// November 20, 2014

Women Scientists Help Africa Face Pharmaceutical Challenges


Despite huge challenges in the African pharmaceutical landscape, a generation of formidable, female leaders is advancing global health in the continent through their valuable contributions in pharmaceutical science.

On November 8th, USP’s Center for Pharmaceutical Advancement and Training (CePAT) hosted the CePAT Honors 2014 Gala in Accra Ghana, to acknowledge and celebrate the unique contributions of African female luminaries, who continually apply an elevated level of excellence to advancing medicines regulation and quality assurance in Africa.

Here are some highlights from the celebrations.

Among the award recipients was Ms. Esnart Mwape, Director General of the Zambia Medicines Regulatory Authority. Back in October, we had the opportunity to sit down with Ms. Mwape when she attended the International Training Program (ITP) held at USP’s Rockville campus. Our discussion focused on the problems facing the pharmaceutical industry in Zambia and how the regulatory agency, which she leads, is responding.

Describe your work as the Director General of Zambia Medicines Regulatory Authority.

I am responsible for the day-to-day running of the Authority. We regulate medicines and related substances, and that entails licensing, inspections, registrations of medicines and conducting post-marketing surveillance to ensure that all medicines coming into the country, and those that are manufactured in Zambia comply with our standards. Hence my job is to ensure that the entire institution is working towards implementing the Medicines and Allied Substances Act, which established the Zambia Medicines Regulatory Authority. The Authority has four directorates responsible for:

  • Medicines registration;
  • Quality control services;
  • Inspections; and
  • Corporate services.

What is the relationship between USP and your agency?

We’ve worked with USP in the past and I’m glad to see that we are members of NOMCoL (Networks of Official Medicines Control Laboratories) in Africa.

In the past two years we’ve had the privilege of working under the TAP (Technical Assistance Program) through which we obtained access to reference standards and free reference materials provided by USP – this has helped us in the running of our laboratory. As you know, reference standards are expensive and we have limited resources. Hence the opportunity to work with USP in this capacity has helped us to leverage our finances and meet our demands.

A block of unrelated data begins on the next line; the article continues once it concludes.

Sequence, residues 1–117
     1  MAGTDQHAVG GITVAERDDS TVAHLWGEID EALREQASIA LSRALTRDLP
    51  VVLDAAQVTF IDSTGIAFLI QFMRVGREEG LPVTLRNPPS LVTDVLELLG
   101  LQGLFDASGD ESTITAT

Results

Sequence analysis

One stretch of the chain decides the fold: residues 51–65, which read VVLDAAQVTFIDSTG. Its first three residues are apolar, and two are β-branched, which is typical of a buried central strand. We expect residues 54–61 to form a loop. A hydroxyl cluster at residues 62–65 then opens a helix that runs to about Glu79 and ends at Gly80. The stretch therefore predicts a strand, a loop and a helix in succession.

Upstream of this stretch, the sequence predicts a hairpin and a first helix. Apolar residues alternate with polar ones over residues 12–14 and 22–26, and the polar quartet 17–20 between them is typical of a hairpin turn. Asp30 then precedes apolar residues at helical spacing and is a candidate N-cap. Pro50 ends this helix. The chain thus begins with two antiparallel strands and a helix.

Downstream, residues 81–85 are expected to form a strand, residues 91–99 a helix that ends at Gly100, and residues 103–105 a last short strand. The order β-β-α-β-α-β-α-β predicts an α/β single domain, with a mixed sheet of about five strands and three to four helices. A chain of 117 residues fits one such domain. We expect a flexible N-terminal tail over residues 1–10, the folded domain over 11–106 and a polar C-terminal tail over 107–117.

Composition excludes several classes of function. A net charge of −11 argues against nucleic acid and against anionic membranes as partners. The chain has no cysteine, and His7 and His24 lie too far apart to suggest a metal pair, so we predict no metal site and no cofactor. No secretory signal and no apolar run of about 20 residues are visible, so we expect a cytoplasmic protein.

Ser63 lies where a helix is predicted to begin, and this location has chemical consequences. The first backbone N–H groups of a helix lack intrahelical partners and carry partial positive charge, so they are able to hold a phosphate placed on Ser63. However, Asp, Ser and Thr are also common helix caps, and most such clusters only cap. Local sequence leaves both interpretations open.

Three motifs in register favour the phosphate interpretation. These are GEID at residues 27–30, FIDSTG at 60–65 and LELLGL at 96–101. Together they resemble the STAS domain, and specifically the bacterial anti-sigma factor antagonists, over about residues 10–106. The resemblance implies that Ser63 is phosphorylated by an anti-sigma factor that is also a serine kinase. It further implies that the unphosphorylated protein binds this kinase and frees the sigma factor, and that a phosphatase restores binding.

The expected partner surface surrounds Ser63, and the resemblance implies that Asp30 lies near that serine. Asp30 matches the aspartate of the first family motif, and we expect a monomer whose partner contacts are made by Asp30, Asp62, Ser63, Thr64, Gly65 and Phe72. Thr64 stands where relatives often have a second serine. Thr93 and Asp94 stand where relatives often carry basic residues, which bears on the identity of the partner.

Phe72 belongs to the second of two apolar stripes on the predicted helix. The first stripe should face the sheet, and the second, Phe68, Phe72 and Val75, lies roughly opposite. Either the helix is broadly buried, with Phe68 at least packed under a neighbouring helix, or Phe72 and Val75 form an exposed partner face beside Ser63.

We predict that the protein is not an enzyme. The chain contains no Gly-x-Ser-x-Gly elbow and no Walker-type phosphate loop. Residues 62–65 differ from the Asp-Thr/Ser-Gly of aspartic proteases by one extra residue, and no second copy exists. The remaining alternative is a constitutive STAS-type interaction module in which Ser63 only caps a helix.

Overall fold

What are some of the key challenges your agency is facing regarding the quality of medicines?

The Authority, which is almost ten years now, is still in its infancy. Our systems are not well developed and hence we are facing challenges in enforcing the law.

Zambia is surrounded by eight countries and this creates a problem in controlling the products that are coming into the country and ending up on our markets. Our hope is that through our partnership with USP, we can help build capacity for the Regulatory Authority in terms of better equipping our registration offices and the inspectors carrying out the work.

We also hope that through collaboration with other member states around us, we can develop common approaches that would help ensure that our people are getting access to quality assured medicinal products – it’s not easy, the challenge is there.

Right now there’s a lot of talk about counterfeit products and we don’t yet know the extent of the problem in Zambia or around us. It’s a huge challenge that we have to deal with since we have a lot of products coming in from all over the world especially China, India, Europe, and others. The Authority needs to reposition itself in such a manner that it takes charge of the market.

How does your agency’s collaboration with USP, including the ITP training you’re attending, help to solve some of these problems?

First and foremost it’s been great to have had this opportunity to come here and attend the ITP program because I had a different perspective altogether about USP. Now I’m going back well educated and will be able to convey the right information to my colleagues back home.

Initially, we thought that USP is in fact part of government, and we knew the organization only in terms of reference standards and reference materials. We didn’t really understand the background work that is taking place here.  Coming here has provided me the opportunity to understand USP better and to exploit and leverage available opportunities, through which we can enhance our capabilities back home.

It’s also been great to meet with other regulators and people working in reference laboratories in other countries and to understand that the challenges we’re facing back home are not unique to Zambia. There are opportunities out there that we can exploit and utilize to help us better regulate the medicines that are coming into Zambia and enhance corporation and coordination among the member states.

What has been the highlight of your visit?

I’m impressed with the laboratories and the expertise within USP – that has been amazing. I hope that Zambia will learn from that expertise in order to enhance our infrastructure development and our human resource capacity development.

If you enjoyed this article, you might be interested in similar stories from other participants of our global exchange programs.

Disclaimer: The views expressed in this interview are those of Ms. Mwape, and not those of USP.